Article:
Finding Work That You Love: Overcoming Imposter Syndrome
Even if you’ve never heard of Imposter Syndrome, chances are you’ve had a brush with it or will notice it’s effects as you journey into self-employment. Imposter Syndrome is a term coined to explain the feelings of self-doubt and inadequacy and the fear of failure (and even success) which can hold us back from achieving our greatest potential. It’s the feeling that one day you will be ‘found out’ as not being qualified to do what you do. Find out more about Imposter Syndrome so you can stop it from holding you back.
Imposter Syndrome can be recognised in a number of ways – see if you can identify with some of the most common symptoms which include:
- not feeling good enough or feeling like a ‘fraud’
- not accepting praise when it’s given
- putting your success down to ‘luck’
- worrying you might one day get ‘found out’
- comparing yourself to others and feeling like you don’t measure up
- playing down your achievements or talents
There are a few things you might want to know about Imposter Syndrome to stop it from holding you back from taking the leap and making a success out of setting up your own business:
1. It’s much more common than you might think
There are many people who suffer from Imposter Syndrome with at least a third of millennials experiencing it in the workplace(¹). Some of the most successful entrepreneurs and business people do too (as Susy Smith, Editor of Country Living magazine recently testified to in the latest edition of Kitchen Table Talent), so you are in good company! Ask for help – there will be people out there who can support you with this and who want you to succeed. If nothing else, talking about it out loud will release something inside and help you start to move past it.
2. Recognising Imposter Syndrome is actually a good sign
If you recognise the symptoms of Imposter Syndrome, it may actually be a good sign as it probably means that you have integrity and strong values and you care about what you do. These are all great qualities in an entrepreneur! Imposter Syndrome is typically associated with high achievers, so cut yourself some slack and acknowledge the positive drivers behind these feelings.
3. It will never be the ‘perfect’ time to take a leap
Don’t wait until you are fully qualified, more experienced, more this or more that to take a leap into self-employment (or anything else you’re looking to achieve). There will never be a ‘perfect’ time to take the leap. Now is all we have and there may always be obstacles. Trust that you will learn through the process and accept that you may make mistakes but you will ultimately be moving forward. Sometimes it’s best to just leap and the net will appear!
Looking for ways to overcome Imposter Syndrome? Find out how below or click here for an infographic.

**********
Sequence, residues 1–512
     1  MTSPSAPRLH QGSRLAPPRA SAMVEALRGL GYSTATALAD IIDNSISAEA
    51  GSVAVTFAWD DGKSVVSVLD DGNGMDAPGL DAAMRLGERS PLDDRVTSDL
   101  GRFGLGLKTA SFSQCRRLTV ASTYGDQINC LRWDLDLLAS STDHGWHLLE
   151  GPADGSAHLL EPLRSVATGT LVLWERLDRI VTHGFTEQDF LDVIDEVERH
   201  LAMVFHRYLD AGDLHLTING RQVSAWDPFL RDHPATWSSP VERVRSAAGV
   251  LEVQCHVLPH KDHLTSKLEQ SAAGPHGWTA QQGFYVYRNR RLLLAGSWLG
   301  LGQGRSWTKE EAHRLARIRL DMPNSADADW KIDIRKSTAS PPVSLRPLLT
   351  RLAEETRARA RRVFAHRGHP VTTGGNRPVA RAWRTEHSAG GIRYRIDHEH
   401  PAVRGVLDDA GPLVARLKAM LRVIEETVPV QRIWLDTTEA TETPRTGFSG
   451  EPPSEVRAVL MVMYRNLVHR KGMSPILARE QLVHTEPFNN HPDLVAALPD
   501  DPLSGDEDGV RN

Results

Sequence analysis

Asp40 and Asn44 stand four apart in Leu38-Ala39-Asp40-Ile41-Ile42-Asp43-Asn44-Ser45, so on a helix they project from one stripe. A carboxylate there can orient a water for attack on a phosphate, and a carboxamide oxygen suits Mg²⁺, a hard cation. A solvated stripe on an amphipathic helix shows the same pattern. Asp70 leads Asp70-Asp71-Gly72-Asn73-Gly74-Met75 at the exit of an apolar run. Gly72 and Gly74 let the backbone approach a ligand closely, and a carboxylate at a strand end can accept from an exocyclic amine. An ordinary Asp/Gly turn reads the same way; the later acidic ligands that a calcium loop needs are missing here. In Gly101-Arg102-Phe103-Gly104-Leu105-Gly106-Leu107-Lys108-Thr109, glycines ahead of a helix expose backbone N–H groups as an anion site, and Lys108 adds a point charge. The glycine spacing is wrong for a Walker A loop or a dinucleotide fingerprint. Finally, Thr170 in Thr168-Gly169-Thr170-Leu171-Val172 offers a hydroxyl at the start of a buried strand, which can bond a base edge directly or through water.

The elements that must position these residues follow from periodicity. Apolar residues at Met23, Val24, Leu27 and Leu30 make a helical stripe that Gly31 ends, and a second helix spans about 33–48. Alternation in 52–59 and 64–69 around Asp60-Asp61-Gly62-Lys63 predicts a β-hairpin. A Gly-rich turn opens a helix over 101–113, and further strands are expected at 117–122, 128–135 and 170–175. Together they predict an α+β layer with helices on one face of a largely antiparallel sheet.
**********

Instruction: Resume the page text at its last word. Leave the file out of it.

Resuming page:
And finally, here are a few ways in which you can start to overcome Imposter Syndrome:
- Start to accept praise more and own your successes
- Stay aware and keep a journal of your thoughts and feelings
- Celebrate your achievements along the way (both large and small)
- Take an inventory of your skills and strengths
- Create yourself an affirmation which acknowledges your strengths
- Stop comparing yourself to others!
¹ Source: The Independent, A Third Of Millenials Suffering From ‘Imposter Syndrome’ In the Workplace, 2017
Helen Foster, Rollerdog Design
Helen Foster, Owner of Rollerdog Design (www.rollerdog.co.uk) is a bright and talented illustrator and graphic designer and has been designing and illustrating for over 20 years. Helen has had some great clients along the way and has recently launched a beautiful new range of homeware. To the outside world, Helen comes across as very capable and sure of what she does and most people wouldn’t question that she has earned her place in the art and design world. And yet Helen has experienced Imposter Syndrome in a way which has at times slowed down her ability to grow her business.
During our coaching sessions, I encouraged Helen to make a list of all of her client work and testimonials from over the years to remind her of how much great work she had produced. This created awareness of how the Imposter Syndrome was really just a reflection of Helen’s own inner critic rather than any genuine external feedback or judgements. Out of that also came an affirmation that Helen uses whenever she feels the Imposter Syndrome kicking in and to keep her on track.
These simple steps have helped give Helen back the self-confidence to move Rollerdog to the next level and to stop being held back by crippling self-doubt and the fear that her work wasn’t good enough. Helen was able to launch her new collection to the world last Spring and sales at Rollerdog are now starting to build momentum. So much so that Helen has now added two new ranges to her collection as her fan base continues to grow.
My first conversation with Rebecca about Imposter Syndrome resonated with me in two ways: firstly, making me recognise that I’m certainly not alone, and secondly diminishing the syndrome’s power by realising many of the negative perceptions associated with it aren’t actually real.